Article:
For Paralympian Joel Dembe, symbols matter, which is why he and others say they’re pushing for the use of a new accessibility symbol in Canada.
Many are calling for the current International Symbol of Access, a blue-and-white logo created over 40 years ago that features a person sitting back in a wheelchair, to be replaced with the Dynamic Symbol of Access. The newer design shows a person in a wheelchair leaning forward with an arm raised back.
“When I look at that old symbol, I see someone that’s dependent on others for movement. I see someone that’s very passive, that’s not in control, that’s not independent,” Dembe said.
“The more I thought about it, the more I’m like, ‘That’s not representative of me or many other friends I have that have disabilities as well.”
He said the Dynamic Symbol of Access is “more representative of disability today” and using the new symbol will hopefully promote inclusion.
“It makes sense. Look at me. How do you see me move? I’m leaning forward, I’m pushing forward.”
“This new [symbol] shows that someone with a disability can not only propel themselves, but live independently and do things their own way.”
Dembe, along with The Forward Movement initiative, want to see laws changed to require the Dynamic Symbol of Access to be used to mark parking spaces and incorporated into building codes.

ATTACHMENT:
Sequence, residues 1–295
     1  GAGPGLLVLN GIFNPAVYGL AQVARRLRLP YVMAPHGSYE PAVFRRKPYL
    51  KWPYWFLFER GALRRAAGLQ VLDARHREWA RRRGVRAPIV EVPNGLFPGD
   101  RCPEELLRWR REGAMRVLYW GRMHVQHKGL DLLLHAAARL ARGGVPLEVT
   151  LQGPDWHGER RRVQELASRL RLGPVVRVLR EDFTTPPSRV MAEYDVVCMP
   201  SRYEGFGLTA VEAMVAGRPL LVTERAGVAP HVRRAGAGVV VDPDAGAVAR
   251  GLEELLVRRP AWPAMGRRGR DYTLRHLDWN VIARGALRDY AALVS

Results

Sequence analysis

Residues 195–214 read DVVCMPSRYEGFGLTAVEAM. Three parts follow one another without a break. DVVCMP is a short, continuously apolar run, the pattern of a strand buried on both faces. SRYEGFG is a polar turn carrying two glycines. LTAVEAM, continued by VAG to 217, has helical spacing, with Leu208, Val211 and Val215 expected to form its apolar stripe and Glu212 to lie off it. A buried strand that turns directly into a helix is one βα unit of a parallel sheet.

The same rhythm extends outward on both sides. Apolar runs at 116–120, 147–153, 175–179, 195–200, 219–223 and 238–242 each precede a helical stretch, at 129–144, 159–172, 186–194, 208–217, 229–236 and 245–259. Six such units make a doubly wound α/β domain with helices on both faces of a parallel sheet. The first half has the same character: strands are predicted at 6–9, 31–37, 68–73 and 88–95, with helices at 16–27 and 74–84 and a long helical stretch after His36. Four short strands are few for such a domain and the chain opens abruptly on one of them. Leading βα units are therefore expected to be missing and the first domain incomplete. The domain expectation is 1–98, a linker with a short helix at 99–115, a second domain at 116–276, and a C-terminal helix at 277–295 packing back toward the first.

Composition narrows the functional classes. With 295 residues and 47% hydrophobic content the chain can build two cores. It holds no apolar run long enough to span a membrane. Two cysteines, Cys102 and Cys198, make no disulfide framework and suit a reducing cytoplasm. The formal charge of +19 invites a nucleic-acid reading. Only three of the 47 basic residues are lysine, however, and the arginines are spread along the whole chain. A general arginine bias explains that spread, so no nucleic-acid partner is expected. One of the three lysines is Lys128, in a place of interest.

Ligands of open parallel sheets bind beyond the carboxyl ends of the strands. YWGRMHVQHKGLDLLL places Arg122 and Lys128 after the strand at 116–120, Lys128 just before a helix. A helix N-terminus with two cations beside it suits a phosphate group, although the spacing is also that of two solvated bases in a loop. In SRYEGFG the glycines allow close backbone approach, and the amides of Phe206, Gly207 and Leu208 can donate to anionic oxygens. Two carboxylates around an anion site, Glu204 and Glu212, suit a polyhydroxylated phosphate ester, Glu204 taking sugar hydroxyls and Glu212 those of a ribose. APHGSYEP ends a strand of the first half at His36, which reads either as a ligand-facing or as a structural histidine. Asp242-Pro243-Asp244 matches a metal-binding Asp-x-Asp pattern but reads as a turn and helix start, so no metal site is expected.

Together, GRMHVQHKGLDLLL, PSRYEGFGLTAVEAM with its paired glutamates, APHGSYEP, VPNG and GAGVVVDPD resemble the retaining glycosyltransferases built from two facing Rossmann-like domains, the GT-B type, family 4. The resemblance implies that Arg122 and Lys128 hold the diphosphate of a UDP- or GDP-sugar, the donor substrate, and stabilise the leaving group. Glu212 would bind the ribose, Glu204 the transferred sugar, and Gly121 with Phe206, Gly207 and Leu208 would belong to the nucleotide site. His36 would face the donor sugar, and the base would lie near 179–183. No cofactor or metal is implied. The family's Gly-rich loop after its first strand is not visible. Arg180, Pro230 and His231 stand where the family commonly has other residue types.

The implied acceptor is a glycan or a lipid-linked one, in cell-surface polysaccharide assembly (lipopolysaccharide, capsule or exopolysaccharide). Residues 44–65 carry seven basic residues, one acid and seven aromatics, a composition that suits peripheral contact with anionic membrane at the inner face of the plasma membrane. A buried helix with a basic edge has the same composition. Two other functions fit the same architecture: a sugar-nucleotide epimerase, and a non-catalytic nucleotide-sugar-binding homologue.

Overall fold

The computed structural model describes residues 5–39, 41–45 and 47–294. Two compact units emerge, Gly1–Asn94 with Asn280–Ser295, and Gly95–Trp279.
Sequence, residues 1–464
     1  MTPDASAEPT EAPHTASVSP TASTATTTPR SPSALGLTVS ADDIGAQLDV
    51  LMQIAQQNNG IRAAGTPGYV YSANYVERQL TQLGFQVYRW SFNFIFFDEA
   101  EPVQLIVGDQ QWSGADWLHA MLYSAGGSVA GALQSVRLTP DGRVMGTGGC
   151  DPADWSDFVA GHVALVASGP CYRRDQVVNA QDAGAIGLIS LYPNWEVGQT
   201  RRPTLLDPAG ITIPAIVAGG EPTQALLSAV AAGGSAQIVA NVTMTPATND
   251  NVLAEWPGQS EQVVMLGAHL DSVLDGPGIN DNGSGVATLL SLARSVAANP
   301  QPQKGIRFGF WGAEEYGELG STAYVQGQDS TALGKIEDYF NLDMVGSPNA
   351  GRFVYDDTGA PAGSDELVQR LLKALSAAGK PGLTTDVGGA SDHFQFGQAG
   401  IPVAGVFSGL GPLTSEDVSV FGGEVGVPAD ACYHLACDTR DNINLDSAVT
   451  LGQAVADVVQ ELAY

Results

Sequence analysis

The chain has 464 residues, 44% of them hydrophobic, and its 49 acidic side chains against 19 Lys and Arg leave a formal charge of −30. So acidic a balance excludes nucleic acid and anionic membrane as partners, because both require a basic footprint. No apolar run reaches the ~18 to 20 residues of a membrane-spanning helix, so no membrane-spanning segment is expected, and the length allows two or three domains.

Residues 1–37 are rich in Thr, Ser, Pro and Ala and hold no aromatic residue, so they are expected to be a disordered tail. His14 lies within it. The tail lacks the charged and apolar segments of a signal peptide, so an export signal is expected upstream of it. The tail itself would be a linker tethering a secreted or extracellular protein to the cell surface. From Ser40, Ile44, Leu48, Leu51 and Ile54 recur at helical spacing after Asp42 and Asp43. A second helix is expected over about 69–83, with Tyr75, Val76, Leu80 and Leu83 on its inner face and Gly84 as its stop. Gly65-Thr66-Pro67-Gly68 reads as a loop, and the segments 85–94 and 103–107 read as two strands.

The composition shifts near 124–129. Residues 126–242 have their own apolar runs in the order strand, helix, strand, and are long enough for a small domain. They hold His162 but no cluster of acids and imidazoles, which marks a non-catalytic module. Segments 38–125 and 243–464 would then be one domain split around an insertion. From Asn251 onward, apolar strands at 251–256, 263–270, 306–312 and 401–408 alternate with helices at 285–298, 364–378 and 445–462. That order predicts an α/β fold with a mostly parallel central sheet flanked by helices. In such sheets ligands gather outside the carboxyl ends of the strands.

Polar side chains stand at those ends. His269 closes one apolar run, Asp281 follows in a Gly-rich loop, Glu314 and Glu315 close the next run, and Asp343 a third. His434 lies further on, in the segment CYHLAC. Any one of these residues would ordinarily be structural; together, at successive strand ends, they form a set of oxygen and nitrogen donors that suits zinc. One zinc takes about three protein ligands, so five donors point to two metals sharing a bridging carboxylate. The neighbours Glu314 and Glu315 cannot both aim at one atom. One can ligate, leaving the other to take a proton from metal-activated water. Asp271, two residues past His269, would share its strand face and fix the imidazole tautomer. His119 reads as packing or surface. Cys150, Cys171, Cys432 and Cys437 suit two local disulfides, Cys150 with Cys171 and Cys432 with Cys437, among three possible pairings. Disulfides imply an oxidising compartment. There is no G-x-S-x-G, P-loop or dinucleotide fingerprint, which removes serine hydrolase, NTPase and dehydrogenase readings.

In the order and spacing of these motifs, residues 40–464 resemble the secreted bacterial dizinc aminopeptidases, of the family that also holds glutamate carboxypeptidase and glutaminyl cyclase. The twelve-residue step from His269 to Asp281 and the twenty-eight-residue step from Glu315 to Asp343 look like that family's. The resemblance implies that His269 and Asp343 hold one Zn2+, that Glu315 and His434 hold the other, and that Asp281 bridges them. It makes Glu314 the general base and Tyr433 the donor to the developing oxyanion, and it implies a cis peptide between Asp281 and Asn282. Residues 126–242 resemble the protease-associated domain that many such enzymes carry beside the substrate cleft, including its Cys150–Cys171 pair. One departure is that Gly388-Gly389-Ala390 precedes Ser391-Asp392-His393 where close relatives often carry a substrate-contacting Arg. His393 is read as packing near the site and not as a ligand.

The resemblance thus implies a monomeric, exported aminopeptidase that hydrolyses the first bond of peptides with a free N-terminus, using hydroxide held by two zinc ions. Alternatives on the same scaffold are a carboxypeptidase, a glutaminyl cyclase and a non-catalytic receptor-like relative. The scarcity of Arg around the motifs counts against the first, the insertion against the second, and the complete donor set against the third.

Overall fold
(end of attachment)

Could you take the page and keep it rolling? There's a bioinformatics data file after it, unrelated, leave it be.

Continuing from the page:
Christine Misener, an optometrist and practice owner with the Ancaster Eye Clinic, said the business was in the process of repainting its parking lot. She said adopting the new symbol was an opportunity.
“If it’s something that feels a little more representative of the population, we’re on board to adopt that,” she said, adding there’s more of an emphasis on the person and less on the wheelchair.
When asked about changing the symbol in Ontario, a provincial Ministry of Government and Consumer Services spokesperson said since the old symbol is used across the world, it would be difficult to change what’s used now.
“Toronto is one of the most multicultural cities in the world. We get a lot of tourists here. You don’t want to cause confusion among Ontario residents or among the many travellers here that recognize a standard, universal symbol,” Anne-Marie Flanagan told Global News.